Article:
Artist and educator Joyce Jablonski visited the Texas A&M University-Kingsville’s Ben Bailey Art Gallery to speak on the opening of her new ceramics exhibit showing, the “Transcendental Dialectic” March 21.
Jablonski has had more than 20 years teaching art and has exhibited throughout the world.
At a young age, Jablonski was an accurate artist. It was not until she went to Youngstown State University of Ohio in athletic pursuits, did she come across the revived dream of being an artist by setting foot in a ceramics class.
“I had a passion for something. I decided to ride the wave of my dream, and let it give me the direction I was seeking,” said Jablonski. “Originally, I was scared, but along with myself and the teachers who inspired me I headed towards my dream of being an artist.”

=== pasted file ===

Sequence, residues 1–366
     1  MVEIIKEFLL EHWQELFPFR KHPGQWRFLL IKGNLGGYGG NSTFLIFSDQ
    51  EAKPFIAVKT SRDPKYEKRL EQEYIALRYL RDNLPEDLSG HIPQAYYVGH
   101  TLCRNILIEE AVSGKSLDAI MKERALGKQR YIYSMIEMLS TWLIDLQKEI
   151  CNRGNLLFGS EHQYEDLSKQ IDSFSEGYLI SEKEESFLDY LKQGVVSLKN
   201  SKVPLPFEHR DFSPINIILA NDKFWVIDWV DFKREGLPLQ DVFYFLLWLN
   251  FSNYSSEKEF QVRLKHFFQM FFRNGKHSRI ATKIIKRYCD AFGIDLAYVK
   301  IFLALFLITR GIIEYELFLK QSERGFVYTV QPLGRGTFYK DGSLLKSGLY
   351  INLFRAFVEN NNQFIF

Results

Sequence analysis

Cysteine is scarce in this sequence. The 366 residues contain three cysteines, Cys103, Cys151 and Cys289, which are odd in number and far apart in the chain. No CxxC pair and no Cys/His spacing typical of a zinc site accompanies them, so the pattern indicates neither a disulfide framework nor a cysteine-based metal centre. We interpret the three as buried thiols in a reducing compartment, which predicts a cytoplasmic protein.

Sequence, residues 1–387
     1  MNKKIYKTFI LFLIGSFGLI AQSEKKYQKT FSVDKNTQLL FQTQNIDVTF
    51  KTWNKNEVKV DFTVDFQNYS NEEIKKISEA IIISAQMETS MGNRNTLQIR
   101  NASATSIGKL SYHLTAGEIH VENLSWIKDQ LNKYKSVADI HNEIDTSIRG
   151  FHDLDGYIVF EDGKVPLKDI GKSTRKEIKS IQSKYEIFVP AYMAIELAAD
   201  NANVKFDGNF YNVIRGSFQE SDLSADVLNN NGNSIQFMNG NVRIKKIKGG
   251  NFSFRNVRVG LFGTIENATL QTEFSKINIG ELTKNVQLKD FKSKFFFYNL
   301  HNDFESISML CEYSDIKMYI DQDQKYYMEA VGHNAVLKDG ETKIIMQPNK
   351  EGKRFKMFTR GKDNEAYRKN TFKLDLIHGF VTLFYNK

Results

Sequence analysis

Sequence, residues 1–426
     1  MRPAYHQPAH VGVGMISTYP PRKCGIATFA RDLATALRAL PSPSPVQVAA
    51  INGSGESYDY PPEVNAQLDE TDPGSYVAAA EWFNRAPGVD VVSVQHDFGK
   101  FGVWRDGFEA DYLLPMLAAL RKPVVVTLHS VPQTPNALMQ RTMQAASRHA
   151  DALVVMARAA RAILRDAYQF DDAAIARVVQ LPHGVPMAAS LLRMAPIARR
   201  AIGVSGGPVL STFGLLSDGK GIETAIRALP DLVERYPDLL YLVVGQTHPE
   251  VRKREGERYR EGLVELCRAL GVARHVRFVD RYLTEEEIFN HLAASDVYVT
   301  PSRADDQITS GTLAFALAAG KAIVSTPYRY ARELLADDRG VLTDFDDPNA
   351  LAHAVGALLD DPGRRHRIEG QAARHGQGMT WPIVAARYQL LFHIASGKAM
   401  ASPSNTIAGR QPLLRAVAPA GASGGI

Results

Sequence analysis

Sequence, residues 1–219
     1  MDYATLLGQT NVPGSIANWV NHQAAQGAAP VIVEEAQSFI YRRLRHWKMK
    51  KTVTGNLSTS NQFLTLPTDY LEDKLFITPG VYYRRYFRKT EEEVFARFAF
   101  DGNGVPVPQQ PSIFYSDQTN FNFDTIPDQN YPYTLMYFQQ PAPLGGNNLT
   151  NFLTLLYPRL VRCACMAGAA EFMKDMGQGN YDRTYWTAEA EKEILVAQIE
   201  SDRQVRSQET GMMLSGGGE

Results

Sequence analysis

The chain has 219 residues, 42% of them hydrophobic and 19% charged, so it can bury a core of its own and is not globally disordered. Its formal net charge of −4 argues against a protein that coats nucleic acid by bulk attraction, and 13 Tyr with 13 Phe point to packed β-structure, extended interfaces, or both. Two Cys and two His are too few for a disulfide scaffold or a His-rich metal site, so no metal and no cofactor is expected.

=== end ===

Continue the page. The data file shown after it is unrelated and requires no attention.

Mesmerized by the marriage of science and art, and the bringing of a new meaning to a simple object, Jablonski’s art showing in the Ben Bailey Gallery, continues through April 20. It shows her passion of images and shapes in life from her travels. Some of her art pieces are influenced by the power of femininity. For example, one of her pieces, “The Rosary”, depicts women’s ovaries chained together.
“The feminist from the 1970s influences me to utilize strength in my work,” said Jablonski. “Women from that era used to grovel their own strength into their creations.”
Jablonski, a once struggling artist, has left a mark a in the artistic work as national re-known artist in sculptures and ceramics, according to the Director of the Arts Charles Wissinger.
Jablonski is currently a professor of art and head of ceramics at the University of Central Missouri in Warrensburg, still being influence by the passion from her students and travels and meetings of new people.